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1.
Signal Transduct Target Ther ; 7, 2022.
Article in English | PubMed Central | ID: covidwho-2160188

ABSTRACT

The high effectiveness of the third dose of BNT162b2 in healthy adolescents against Omicron BA.1 has been reported in some studies, but immune responses conferring this protection are not yet elucidated. In this analysis, our study (NCT04800133) aims to evaluate the humoral and cellular responses against wild-type and Omicron (BA.1, BA.2 and/or BA.5) SARS-CoV-2 before and after a third dose of BNT162b2 in healthy adolescents. At 5 months after 2 doses, S IgG, S IgG Fc receptor-binding, and neutralising antibody responses waned significantly, yet neutralising antibodies remained detectable in all tested adolescents and S IgG avidity increased from 1 month after 2 doses. The antibody responses and S-specific IFN-γ+ and IL-2+ CD8+ T cell responses were significantly boosted in healthy adolescents after a homologous third dose of BNT162b2. Compared to adults, humoral responses for the third dose were non-inferior or superior in adolescents. The S-specific IFN-γ+ and IL-2+ CD4+ and CD8+ T cell responses in adolescents and adults were comparable or non-inferior. Interestingly, after 3 doses, adolescents had preserved S IgG, S IgG avidity, S IgG FcγRIIIa-binding, against Omicron BA.2, as well as preserved cellular responses against BA.1 S and moderate neutralisation levels against BA.1, BA.2 and BA.5. Sera from 100 and 96% of adolescents tested at 1 and 5 months after two doses could also neutralise BA.1. Our study found high antibody and T cell responses, including potent cross-variant reactivity, after three doses of BNT162b2 vaccine in adolescents in its current formulation, suggesting that current vaccines can be protective against symptomatic Omicron disease.

2.
Am J Public Health ; 113(1):96-104, 2023.
Article in English | PubMed | ID: covidwho-2162732

ABSTRACT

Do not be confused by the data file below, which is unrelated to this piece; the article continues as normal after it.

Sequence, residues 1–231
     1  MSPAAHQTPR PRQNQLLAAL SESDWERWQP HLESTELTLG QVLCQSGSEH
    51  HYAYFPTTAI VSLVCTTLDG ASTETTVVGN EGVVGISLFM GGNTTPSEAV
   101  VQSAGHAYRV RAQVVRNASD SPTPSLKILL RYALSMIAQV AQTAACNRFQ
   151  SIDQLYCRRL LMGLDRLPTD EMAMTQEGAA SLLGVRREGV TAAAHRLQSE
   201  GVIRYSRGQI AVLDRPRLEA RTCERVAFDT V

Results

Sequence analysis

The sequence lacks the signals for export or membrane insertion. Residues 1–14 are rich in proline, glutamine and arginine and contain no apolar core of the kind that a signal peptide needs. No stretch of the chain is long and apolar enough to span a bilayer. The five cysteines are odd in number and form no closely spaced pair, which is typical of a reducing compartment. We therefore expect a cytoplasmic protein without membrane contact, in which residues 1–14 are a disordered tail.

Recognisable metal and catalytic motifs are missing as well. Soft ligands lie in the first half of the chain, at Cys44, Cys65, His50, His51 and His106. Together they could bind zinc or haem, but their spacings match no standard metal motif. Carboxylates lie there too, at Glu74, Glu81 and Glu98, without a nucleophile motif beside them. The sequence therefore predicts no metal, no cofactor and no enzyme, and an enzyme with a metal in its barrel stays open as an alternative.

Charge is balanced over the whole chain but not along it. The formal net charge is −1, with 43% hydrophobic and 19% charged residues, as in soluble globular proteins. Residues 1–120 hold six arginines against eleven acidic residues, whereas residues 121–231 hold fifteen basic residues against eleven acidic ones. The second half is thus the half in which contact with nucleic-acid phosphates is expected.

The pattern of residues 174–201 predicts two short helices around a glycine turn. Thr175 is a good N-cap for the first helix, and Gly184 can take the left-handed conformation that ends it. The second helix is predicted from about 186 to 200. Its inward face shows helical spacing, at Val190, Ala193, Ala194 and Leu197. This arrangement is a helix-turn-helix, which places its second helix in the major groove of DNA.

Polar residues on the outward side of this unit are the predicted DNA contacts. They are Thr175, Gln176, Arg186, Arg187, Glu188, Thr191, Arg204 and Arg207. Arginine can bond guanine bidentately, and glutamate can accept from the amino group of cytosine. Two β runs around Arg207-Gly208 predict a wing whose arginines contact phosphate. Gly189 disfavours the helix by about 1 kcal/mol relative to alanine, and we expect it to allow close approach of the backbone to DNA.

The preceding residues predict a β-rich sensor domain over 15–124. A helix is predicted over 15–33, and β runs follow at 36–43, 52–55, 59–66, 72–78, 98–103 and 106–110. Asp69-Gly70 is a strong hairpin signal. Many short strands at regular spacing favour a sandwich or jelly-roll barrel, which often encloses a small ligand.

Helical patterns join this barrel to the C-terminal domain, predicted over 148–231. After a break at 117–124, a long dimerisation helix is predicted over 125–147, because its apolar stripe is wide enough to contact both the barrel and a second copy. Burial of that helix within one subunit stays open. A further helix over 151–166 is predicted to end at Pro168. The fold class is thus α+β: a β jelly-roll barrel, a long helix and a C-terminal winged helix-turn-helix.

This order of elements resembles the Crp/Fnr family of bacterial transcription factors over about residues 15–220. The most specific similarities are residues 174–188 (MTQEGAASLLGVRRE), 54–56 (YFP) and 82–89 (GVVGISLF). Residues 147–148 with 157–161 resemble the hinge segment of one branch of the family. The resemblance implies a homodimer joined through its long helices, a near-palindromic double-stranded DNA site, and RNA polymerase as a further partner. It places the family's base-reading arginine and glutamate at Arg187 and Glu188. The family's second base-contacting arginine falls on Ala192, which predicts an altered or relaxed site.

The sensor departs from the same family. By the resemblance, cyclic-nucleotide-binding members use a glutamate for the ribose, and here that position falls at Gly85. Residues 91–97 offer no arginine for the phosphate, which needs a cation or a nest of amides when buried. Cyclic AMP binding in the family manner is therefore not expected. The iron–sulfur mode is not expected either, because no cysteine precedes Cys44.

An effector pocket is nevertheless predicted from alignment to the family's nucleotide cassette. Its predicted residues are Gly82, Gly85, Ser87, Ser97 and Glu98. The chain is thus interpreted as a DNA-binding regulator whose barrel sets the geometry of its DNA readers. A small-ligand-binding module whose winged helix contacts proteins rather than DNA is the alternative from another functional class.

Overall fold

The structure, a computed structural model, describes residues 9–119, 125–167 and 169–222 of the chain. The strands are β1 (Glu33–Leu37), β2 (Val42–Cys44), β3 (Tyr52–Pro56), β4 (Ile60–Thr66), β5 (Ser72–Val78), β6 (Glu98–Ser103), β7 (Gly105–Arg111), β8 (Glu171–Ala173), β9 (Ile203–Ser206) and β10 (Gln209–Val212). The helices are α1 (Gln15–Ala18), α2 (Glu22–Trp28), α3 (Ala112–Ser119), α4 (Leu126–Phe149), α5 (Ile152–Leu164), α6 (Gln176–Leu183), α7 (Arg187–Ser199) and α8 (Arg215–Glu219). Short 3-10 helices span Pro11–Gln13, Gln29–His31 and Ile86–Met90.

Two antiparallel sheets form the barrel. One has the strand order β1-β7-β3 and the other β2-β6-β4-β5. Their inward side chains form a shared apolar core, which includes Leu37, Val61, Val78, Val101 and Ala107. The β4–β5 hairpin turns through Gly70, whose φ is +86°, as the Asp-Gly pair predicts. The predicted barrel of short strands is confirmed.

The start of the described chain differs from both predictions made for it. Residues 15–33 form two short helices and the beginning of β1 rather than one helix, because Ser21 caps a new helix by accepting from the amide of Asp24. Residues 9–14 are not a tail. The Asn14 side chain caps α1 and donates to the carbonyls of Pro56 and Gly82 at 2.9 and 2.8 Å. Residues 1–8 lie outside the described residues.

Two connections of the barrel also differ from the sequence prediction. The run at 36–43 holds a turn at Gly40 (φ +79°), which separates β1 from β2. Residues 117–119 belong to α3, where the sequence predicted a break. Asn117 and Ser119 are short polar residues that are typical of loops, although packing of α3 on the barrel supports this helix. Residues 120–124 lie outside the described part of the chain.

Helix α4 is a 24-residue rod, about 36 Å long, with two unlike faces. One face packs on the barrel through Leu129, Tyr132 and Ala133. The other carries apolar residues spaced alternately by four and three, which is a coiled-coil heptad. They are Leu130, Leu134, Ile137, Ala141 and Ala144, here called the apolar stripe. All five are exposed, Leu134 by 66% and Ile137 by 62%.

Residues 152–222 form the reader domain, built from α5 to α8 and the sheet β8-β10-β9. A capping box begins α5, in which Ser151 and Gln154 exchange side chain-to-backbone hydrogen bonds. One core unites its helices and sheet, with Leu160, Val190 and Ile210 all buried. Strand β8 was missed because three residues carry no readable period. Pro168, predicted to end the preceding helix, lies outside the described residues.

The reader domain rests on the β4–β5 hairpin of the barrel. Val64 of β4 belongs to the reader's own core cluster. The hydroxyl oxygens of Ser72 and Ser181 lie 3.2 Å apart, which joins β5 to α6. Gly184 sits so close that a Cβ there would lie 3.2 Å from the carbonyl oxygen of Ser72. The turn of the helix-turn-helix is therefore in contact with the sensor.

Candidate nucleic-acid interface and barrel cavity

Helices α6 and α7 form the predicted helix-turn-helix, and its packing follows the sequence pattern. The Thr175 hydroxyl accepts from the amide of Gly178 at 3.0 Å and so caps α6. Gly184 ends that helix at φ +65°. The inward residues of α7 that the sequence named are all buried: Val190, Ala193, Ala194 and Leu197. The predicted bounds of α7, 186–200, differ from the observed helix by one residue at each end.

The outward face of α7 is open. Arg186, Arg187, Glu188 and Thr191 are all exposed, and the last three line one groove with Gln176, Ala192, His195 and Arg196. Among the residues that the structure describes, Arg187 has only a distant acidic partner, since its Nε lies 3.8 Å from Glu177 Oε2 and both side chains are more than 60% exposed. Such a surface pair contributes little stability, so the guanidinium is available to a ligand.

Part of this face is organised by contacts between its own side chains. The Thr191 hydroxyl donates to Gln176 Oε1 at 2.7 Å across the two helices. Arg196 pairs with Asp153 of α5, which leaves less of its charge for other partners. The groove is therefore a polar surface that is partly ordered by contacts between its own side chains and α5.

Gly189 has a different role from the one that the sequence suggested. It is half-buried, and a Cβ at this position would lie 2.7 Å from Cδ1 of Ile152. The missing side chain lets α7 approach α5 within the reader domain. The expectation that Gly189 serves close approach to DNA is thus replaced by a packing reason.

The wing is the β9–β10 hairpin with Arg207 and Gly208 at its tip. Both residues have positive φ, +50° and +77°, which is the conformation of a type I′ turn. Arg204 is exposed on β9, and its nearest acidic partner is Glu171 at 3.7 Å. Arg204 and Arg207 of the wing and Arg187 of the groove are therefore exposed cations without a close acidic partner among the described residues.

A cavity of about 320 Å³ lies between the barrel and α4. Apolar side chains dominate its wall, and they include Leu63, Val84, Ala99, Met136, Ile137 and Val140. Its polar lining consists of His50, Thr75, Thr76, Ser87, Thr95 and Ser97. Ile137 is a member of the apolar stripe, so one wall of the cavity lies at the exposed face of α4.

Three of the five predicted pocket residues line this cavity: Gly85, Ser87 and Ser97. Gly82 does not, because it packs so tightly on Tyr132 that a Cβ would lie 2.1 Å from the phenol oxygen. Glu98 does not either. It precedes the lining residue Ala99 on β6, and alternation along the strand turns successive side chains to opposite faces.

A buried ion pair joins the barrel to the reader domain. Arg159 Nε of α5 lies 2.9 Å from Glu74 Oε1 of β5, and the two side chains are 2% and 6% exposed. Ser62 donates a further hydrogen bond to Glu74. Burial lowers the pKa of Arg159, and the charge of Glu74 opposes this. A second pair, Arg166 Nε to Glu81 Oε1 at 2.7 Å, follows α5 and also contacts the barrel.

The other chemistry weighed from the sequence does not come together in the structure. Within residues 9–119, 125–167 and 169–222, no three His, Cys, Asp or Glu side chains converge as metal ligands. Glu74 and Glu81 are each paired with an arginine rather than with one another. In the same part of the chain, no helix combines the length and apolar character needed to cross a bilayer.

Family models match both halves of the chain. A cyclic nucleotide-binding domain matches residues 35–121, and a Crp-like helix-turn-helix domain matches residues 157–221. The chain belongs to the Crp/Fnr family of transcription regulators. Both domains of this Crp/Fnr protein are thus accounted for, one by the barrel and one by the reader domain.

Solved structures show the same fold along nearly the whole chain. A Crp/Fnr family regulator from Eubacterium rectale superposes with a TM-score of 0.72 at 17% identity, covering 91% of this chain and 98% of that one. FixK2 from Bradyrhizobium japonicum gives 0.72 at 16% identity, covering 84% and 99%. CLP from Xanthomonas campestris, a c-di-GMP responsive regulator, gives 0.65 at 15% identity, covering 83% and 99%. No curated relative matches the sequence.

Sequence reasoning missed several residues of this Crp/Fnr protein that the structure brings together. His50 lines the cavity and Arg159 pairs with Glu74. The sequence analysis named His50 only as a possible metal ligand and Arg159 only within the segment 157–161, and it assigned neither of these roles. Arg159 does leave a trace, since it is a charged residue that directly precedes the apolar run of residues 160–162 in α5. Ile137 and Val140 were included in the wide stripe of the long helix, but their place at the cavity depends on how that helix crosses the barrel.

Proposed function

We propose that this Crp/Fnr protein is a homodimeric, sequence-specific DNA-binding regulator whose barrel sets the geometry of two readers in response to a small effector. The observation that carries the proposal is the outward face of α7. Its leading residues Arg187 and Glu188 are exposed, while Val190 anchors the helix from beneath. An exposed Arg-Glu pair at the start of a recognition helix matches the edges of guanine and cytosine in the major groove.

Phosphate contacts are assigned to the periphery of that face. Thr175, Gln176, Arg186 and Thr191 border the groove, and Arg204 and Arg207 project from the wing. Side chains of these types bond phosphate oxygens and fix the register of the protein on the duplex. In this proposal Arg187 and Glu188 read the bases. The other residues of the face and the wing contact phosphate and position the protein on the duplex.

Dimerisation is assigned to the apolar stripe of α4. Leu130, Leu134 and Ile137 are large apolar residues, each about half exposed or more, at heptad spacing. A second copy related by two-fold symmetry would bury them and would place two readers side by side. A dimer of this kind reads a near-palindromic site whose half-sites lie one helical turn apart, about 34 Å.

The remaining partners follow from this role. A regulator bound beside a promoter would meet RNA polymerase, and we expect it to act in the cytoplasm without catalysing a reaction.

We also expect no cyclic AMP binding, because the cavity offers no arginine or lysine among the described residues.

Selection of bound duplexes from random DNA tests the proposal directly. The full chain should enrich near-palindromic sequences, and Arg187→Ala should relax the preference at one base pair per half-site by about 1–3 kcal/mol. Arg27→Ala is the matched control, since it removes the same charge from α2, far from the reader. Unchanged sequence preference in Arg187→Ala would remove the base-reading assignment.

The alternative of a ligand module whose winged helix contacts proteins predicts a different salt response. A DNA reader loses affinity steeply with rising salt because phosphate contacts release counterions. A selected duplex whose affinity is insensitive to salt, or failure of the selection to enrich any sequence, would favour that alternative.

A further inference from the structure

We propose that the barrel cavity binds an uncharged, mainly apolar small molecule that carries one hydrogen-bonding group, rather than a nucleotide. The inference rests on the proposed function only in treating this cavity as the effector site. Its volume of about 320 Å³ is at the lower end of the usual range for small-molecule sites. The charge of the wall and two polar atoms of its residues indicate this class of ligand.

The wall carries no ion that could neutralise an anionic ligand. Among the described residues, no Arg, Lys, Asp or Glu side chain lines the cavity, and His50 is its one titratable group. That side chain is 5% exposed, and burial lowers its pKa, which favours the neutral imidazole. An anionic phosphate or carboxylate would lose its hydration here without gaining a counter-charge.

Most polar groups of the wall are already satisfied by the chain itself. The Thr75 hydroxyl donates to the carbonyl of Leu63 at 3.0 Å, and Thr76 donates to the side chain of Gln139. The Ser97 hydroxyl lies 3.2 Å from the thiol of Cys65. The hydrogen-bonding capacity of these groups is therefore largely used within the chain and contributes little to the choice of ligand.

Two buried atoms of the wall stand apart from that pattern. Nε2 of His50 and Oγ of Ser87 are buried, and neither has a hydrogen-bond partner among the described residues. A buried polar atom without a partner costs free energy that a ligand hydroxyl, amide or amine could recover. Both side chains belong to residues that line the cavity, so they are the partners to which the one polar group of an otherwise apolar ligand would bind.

Objectives. To assess the effectiveness of vaccine-induced immunity against new infections, all-cause emergency department (ED) and hospital visits, and mortality in Indiana. Methods. Combining statewide testing and immunization data with patient medical records, we matched individuals who received at least 1 dose of severe acute respiratory syndrome coronavirus 2 (SARS-CoV-2) vaccines with individuals with previous SARS-CoV-2 infection on index date, age, gender, race/ethnicity, zip code, and clinical diagnoses. We compared the cumulative incidence of infection, all-cause ED visits, hospitalizations, and mortality. Results. We matched 267 847 pairs of individuals. Six months after the index date, the incidence of SARS-CoV-2 infection was significantly higher in vaccine recipients (6.7%) than the previously infected (2.9%). All-cause mortality in the vaccinated, however, was 37% lower than that of the previously infected. The rates of all-cause ED visits and hospitalizations were 24% and 37% lower in the vaccinated than in the previously infected. Conclusions. The significantly lower rates of all-cause ED visits, hospitalizations, and mortality in the vaccinated highlight the real-world benefits of vaccination. The data raise questions about the wisdom of reliance on natural immunity when safe and effective vaccines are available. (Am J Public Health. 2023;113(1):96-104. https://doi.org/10.2105/AJPH.2022.307112).

3.
Archives of Gerontology and Geriatrics ; 104, 2023.
Article in English | Web of Science | ID: covidwho-2104388

ABSTRACT

Background and purpose: The aim of this nationwide study was to assess the impact of the COVID-19 pandemic on cerebrovascular disease hospitalization rates, out-of-pocket rates, and in-hospital case fatality rates.Methods: All hospitalizations for cerebrovascular disease from 1599 hospitals from 2019 to 2020 were selected using the International Classification of Diseases, 10th revision, in the Hospital Quality Monitoring System (HQMS). We defined 2019 as the pre-pandemic group and 2020 as the post-pandemic group. Multivariate an-alyses were done to assess the association between the pandemic and patient outcomes and out-of-pocket rate with odds ratios (OR) and 95% CIs presented.Results: In total, 9 640 788 patients with the cerebrovascular disease were recruited (mean age was 65.7 [SE.0.004] years, and 55.7% were male), and data is available for 5145358 patients in 2019 (pre-epidemic) and 4495430 patients in 2020(post-pandemic), indicating a 12.6% decrease. Out-of-pocket rate increase of 9.3% (2020 vs 2019: 34.1%% vs 31.2% [absolute difference, 2.9% {95% CI, 1.3% to 4.5%}, odd ratio {OR}, 1.1{95% CI, 1.0 to 1.1}]. The epidemic has led to an 18.0% increase in in-hospital mortality (2020 vs 2019: 1.1%% vs 0.9% [absolute difference, 0.2% {95% CI, 0.1% to 0.2%}, odd ratio {OR}, 1.1{95% CI, 1.1 to 1.2}]. The epidemic has led to significantly increased in-hospital mortality for patients with stroke but had no significant impact on other cerebrovascular diseases.Conclusions: During the COVID-19 pandemic lockdown, patients hospitalized for stroke fell by 12.6%, and there were substantial increases in out-of-pocket rates (9.3%) and in-hospital case fatality rates (18.0%).